Horton spent draft weekend at his mother’s house in New Orleans. Like most players, he vowed not to watch the draft. Of course, he couldn’t take his eyes off the screen.

Watching with him during various points of the weekend were his brother, an aunt and several cousins. Saturday was low-stress because Horton knew he wouldn’t go in the first two rounds. The family feasted on turkey wings, corn bread, gumbo and baked macaroni and cheese.

In the picks leading up to No. 249, Horton was on the phone with a Buffalo coach. The linebacker idea didn’t appeal to him. On the other line was a call from the 703 area code (Northern Virginia).

“I thought it was going to be another free agent call,” he said.

Redskins safeties coach Steve Jackson wasn’t surprised Horton was still on the board come the final round.

“Most people are looking for production - he should have this many interceptions, this many tackles, he should do this, he should do that,” Jackson said. “A lot of times, playing safety is really boring, but you need a guy who, when he gets the action, isn’t wrong. A linebacker can miss a tackle, and the safety is there. A safety can’t miss.”

The Redskins also drafted safety Kareem Moore, but knowledge of how Horton played on the field would help them select an instant playmaker.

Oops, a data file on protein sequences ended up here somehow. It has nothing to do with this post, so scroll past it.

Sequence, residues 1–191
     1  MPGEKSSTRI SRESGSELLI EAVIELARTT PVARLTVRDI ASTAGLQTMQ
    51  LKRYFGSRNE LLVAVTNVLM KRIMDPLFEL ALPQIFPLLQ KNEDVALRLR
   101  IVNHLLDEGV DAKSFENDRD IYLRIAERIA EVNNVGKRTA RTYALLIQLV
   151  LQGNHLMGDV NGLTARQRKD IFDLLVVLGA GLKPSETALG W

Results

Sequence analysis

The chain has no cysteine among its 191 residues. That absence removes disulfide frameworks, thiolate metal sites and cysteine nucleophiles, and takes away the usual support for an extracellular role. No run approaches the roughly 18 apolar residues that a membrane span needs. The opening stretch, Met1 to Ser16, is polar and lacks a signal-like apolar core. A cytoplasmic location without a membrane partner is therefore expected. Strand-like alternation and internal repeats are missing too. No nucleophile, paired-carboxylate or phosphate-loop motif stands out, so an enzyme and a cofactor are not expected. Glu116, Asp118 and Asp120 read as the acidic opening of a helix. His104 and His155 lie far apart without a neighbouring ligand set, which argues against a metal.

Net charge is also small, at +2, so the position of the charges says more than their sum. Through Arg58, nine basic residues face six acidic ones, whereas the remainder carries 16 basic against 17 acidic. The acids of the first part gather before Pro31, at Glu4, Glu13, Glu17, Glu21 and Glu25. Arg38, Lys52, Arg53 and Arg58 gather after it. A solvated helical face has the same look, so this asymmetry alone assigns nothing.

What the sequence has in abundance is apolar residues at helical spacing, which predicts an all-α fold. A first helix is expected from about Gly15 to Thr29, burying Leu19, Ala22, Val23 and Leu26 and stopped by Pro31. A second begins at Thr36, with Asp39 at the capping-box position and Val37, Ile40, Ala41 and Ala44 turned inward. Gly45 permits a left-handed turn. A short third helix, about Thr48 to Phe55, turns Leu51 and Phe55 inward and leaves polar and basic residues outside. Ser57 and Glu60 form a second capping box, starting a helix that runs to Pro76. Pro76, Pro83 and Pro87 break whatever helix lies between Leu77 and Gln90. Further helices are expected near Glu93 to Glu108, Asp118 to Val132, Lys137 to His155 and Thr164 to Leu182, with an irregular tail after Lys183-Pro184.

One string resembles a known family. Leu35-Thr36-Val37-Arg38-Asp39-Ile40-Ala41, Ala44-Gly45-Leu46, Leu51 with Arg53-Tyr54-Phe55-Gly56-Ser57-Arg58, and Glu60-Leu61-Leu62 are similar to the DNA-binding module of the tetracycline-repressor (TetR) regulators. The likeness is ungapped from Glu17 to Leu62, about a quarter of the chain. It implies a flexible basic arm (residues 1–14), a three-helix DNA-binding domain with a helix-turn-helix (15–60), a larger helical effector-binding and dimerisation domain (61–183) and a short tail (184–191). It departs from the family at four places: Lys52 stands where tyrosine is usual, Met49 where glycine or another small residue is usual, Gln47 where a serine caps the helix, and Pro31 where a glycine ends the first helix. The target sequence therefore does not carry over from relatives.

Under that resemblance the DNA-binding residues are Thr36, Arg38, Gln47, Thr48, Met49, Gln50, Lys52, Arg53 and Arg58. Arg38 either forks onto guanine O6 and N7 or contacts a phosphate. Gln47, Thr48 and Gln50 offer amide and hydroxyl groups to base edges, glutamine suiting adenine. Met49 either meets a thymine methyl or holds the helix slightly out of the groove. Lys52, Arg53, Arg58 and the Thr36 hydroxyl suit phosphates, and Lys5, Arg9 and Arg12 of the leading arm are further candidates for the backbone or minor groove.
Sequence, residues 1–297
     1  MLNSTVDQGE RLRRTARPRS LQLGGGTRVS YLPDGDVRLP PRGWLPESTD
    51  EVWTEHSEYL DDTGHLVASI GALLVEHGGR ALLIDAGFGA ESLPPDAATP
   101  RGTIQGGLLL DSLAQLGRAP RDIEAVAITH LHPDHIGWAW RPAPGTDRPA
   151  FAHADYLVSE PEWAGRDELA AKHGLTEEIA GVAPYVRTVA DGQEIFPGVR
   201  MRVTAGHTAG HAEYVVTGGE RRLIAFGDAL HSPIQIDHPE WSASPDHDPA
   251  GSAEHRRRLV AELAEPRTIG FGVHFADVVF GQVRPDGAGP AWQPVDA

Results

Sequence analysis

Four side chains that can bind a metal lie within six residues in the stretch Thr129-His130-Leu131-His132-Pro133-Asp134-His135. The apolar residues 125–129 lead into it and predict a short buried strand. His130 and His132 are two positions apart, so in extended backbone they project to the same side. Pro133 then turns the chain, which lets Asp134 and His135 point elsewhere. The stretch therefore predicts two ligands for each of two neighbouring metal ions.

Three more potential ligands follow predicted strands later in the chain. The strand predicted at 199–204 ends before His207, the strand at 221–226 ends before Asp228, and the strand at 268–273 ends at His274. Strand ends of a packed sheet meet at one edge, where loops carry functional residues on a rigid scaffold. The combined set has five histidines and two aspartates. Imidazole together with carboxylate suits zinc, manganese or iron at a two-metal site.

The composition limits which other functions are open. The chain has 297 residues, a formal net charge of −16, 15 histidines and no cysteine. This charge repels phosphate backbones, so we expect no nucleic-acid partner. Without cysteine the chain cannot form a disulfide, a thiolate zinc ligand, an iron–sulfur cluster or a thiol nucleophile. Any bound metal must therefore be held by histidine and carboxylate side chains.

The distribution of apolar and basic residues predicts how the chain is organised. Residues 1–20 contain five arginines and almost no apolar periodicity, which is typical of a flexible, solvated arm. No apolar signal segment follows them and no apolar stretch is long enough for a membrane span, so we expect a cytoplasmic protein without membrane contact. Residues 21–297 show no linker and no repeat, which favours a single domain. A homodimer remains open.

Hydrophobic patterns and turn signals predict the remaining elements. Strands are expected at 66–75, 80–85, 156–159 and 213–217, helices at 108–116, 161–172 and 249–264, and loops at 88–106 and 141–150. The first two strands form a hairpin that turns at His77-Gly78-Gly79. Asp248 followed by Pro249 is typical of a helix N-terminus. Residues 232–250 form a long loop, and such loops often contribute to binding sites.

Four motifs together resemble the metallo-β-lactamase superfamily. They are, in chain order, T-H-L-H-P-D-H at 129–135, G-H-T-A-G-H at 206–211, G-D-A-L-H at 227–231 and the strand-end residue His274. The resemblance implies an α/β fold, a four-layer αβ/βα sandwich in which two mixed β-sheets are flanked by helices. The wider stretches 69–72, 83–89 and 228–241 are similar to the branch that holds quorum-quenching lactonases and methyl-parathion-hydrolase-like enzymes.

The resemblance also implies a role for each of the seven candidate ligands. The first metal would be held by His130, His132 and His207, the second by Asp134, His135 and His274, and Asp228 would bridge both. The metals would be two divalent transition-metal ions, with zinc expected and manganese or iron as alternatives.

Inside information

Horton materialized as part of the Redskins’ plans because of his connection to Walker.

A Redskins assistant from 2004 to 2005, Walker used a system at UCLA that had several similarities to the Redskins’, and he thought Horton would be a good fit. When asked, he gave high reviews of Horton to the front office and scouting staff. Jackson also spoke with former UCLA running backs coach Eric Bieniemy, who recruited Horton out of New Orleans.

“DeWayne’s insight was the system and the technical stuff and how he picked things up,” Jackson said. “Eric gave insight because he knew Chris when he was in high school and what he was like as a person.”

Said Walker: “Once he got used to the speed of the game, he felt he knew what he would be doing.”

Especially when the Redskins draft in the seventh round Sunday, just that morsel of information could decide whom they select.

“If he plays for a guy I trust, I’ll introduce him, and even though you see things you may not particularly like, you give him the benefit of the doubt based on the recommendation,” Jackson said.

Late in the draft, the Redskins’ philosophy is to take a player that Jackson said “has at least one redeeming quality. … He has to have something, and then you work on the other things.”

Horton’s qualities were his coverage ability and competitiveness. His study habits made an immediate impression.

“As soon as Chris got here and we started meeting, the guys have notebooks but his would be filled - not just two, three lines,” Jackson said. “He would have a full page of notes and then questions. When he got here, he would do ugly things, but the next thing I knew, he would be taking an interception the other way.”

Horton wound up with a team-high three interceptions. Now a player with starting experience, Horton said second-day prospects shouldn’t watch the draft. Once they do get picked, he said they should forget about when they got selected.

“I was bummed that I went No. 249, but I was happy because I’ll always be remembered as a seventh-round pick that made a team and played,” he said. “You can’t worry about where you’re picked because there’s no pressure. If you come out every day and go to work, the coaches will notice.”